The other concept was to intentionally contain each theme into its own four-walled diorama. It would appear like a series of juxtaposed cubby holes, each housing a different piece of content or perspective. For instance, a profile view of a city could be right next to a cubby with an aerial view of the same city. This design would allow each theme to be more succinct and specific, while still providing the viewer with a fun journey from one to the next. In the meeting, everyone was unanimously drawn to the diorama concept; the fact that there were physical divisions between the various worlds seemed to relate nicely with the plot and spirit of the film.
So how did you progress through the actual building process?
BM: Once we landed on the specific direction we were going to produce, it was time to flesh out the concept for the entire list of credits. We created lists of themes and objects of significance in the film, and selected those with the most potential for Lego translation and animation. One of the designers on the job, Ford Spencer, had a real knack for the Lego Digital Designer program, and Legos as a medium in general and he designed many of the items that made it into the final sequence. What makes his work even more impressive is that a lot of the pieces he designed were not only structurally sound and visually striking, but functioned from an animation perspective as well – so, a factory machine would have functioning gears and pistons inside! He was an invaluable asset to the team.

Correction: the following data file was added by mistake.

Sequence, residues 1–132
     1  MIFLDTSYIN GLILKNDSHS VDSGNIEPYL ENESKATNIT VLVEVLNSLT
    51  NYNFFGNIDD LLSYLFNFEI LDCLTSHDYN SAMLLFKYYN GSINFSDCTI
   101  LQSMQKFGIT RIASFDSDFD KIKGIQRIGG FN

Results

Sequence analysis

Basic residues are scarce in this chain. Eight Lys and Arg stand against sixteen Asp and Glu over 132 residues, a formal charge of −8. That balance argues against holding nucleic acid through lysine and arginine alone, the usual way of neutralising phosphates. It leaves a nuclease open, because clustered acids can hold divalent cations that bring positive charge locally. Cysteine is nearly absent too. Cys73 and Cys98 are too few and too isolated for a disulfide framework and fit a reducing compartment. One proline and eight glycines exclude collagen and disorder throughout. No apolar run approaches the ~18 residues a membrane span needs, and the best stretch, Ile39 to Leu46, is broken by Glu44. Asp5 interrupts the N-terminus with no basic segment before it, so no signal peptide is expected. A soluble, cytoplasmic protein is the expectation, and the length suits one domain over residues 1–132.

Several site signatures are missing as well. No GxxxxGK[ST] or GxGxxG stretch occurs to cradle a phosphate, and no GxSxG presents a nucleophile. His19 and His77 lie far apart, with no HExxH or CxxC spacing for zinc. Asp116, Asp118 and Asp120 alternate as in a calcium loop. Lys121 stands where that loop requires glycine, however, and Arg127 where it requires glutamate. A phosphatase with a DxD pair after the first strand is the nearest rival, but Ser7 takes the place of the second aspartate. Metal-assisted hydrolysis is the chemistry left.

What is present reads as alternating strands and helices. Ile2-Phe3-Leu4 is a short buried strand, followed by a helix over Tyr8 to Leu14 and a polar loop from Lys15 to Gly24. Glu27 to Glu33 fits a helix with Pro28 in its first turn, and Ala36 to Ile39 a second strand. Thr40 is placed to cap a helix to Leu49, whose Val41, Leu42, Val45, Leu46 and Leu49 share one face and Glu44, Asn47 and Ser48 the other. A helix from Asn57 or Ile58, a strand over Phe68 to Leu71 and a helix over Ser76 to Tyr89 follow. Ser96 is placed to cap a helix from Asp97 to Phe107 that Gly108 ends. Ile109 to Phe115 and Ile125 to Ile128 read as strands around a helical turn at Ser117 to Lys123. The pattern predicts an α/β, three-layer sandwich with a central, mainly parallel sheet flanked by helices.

As cubbies were completed, we would present them to Phil and Chris, making sure everyone was on the same page. They would help us brainstorm new concepts and throw out ideas for little inside jokes that could be peppered throughout – for instance, Animation Supervisor Chris McKay has a lot of Catwoman tattoos in real life, so there’s a little Catwoman helmet near his credit.
JA: We imported every cubby from the Lego software into Maya to begin previs*. Knowing the sequence would be stop motion and stereoscopic, every detail needed to be planned out in Maya prior to the shoot. Working with a talented team from Proof, we created cubbies in Maya which were dimensionally accurate to their real-world counterparts, allowing us to block out all of the primary animation and camera choreography for each shot. Not only did this give us the flexibility to explore different creative directions, but also provided precise measurements for camera travel, lens focal length, and even stereoscopic interaxial distance.